The Electric Commentary

Saturday, July 23, 2005

Daylight Savings Kills

Adding to the argument for either making daylight savings permanent, or eliminating it altogether, we have this study, from Marginal Revolution:

...following the spring shift to Daylight Savings Time (when one hour of sleep is lost) there is a measurable increase in the number of traffic accidents that result in fatalities. Furthermore, it replicates the absence of any “rebound” reduction of accidents following the fall shift to DST (when the opportunity is present for an additional hour of sleep).


  • It seems a few extraneous variables were not controlled for in this study. It would have been nice to see if there was an increase in the number of cars on the road due to spring travel and if there was a regional difference in the number of fatalaties or whether most of those fatalities were in large cities. What about Spring Break traffic? What were the ages of the people that died or were involved in accidents? Although it seems like interesting findings, I'm still skeptical that DST alone is responsible for the increase.

    By Blogger NLock, at 8:50 PM  

  • Sounds like some do go reformers have found something else that needs fixing. A few people get in accidents and the system needs changing.

    Next thing they'll tell me I can't choose to drive with a cell phone on.

    By Anonymous Anonymous, at 6:49 AM  

  • I find it a bit bonkers that we change the clocks anyway.
    My mother-in-law in South Africa thought we were making it up when we told her that the clocks went forward and backwards an hour in the spring and autumn. It's a concept that seems utterly absurd in other countries.

    By Anonymous Anonymous, at 7:29 AM  

  • "when the opportunity is present for an additional hour of sleep"

    I don't want to start a new controversy like I started in the last daylight savings discussion thread, but I fail to see how changing daylight savings gives anyone an opportunity "for an additional hour of sleep". If you're sleeping so little that you're a danger to yourself and others when you drive, you should stop driving or get more sleep. That's a matter of personal responsibility. Changing the clocks has nothing to do with it.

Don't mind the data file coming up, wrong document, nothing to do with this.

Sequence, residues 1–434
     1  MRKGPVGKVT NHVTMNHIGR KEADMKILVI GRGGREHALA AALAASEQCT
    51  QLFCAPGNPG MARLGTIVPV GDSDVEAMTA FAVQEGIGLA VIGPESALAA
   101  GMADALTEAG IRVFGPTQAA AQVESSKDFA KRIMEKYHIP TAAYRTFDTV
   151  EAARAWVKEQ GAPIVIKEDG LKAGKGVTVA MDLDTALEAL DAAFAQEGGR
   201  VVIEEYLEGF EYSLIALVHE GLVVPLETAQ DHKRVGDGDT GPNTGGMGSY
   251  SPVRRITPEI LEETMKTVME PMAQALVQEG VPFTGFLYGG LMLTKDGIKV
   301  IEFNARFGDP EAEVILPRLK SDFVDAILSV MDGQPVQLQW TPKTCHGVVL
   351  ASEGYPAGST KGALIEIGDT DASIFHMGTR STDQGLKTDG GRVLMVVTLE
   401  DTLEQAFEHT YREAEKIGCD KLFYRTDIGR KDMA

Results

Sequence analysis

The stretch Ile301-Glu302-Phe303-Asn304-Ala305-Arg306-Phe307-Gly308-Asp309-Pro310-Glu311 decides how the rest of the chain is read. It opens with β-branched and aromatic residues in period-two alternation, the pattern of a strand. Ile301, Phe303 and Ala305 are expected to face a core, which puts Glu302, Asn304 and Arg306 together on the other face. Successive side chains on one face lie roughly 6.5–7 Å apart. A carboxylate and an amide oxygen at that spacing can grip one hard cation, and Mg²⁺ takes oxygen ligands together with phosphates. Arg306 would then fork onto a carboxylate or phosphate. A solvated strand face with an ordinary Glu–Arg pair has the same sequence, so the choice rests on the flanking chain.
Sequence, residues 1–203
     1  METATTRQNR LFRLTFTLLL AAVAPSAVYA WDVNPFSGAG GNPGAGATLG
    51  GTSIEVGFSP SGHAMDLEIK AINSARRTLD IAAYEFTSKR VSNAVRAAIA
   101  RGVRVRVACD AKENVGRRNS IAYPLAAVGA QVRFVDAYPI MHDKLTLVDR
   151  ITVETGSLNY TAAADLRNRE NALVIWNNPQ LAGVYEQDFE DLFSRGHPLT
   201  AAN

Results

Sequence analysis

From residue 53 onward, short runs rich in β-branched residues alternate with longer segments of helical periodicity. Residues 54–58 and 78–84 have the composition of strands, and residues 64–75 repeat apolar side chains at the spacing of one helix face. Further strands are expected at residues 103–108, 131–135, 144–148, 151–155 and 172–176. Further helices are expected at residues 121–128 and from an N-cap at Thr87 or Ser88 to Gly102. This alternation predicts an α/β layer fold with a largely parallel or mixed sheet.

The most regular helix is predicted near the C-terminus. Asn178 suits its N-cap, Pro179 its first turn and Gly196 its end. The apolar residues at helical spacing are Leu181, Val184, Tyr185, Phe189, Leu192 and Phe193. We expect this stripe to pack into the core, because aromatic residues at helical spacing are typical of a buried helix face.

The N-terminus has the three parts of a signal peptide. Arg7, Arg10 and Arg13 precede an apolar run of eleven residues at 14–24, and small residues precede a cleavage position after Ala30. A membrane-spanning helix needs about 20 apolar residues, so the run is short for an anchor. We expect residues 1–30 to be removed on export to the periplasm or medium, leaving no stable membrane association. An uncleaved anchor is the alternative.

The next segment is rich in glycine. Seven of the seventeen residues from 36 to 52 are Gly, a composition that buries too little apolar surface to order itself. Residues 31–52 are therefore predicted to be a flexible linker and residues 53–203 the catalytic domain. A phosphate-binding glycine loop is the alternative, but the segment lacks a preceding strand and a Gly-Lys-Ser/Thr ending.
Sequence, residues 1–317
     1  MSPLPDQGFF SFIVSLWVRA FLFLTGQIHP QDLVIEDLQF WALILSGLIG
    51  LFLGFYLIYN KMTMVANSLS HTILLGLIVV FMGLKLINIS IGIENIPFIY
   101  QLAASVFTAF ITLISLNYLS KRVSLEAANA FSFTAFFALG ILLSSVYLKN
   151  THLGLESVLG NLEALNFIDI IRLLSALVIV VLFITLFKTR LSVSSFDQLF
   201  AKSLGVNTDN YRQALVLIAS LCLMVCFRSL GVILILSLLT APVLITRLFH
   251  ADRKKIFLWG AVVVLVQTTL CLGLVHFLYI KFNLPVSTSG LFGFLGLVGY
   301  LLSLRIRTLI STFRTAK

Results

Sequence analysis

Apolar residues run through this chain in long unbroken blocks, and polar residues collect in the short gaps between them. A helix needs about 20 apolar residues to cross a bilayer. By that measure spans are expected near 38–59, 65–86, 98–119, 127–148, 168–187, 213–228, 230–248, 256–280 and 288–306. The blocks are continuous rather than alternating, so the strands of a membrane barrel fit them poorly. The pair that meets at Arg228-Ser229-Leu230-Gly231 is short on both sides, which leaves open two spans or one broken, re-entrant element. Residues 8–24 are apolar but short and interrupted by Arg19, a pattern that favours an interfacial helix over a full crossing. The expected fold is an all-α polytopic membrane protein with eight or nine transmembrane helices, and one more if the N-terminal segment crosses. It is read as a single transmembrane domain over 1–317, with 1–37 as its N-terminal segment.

By Blogger MDS, at 10:45 AM  

  • I'm not sure what you mean. It's talking about the one 23-hour day and one 25-hour-day that are the result of daylight savings time. On the 23 hour day, people still have all the same stuff to do that they normally do, or their body clock can't be changed in one day, so the lost hour is a lost hour of sleep. Conversely, on the 25-hour-day people use the extra hour to do more stuff, not to get more sleep. So while traffic accidents are up on the day following the 23-hour-day, they are not down on the day following the 25-hour-day. Maybe you are right that it is personal responsibility, but what world do you live in where you can just skip work the day after the clock changes because you need more sleep? Have you never driven your car when you were tired before?

    By Anonymous Anonymous, at 11:20 AM  

  • Usually people know well in advance when the clocks will change. Isn't it a workers personal responsibility to get a little extra sleep that night, if needed, so they won't be driving tired or need to skip work?

    By Anonymous Anonymous, at 11:49 AM  

  • So just one less hour of sleep and you can't drive anymore? I doubt it. Sounds more like people were a bit slow to start and rushing to get to work on time. Even the Super Bowl results in deaths, but it doesn't mean we should stop having it. People just need to be responsible.

    By Anonymous Scott H, at 5:10 PM  

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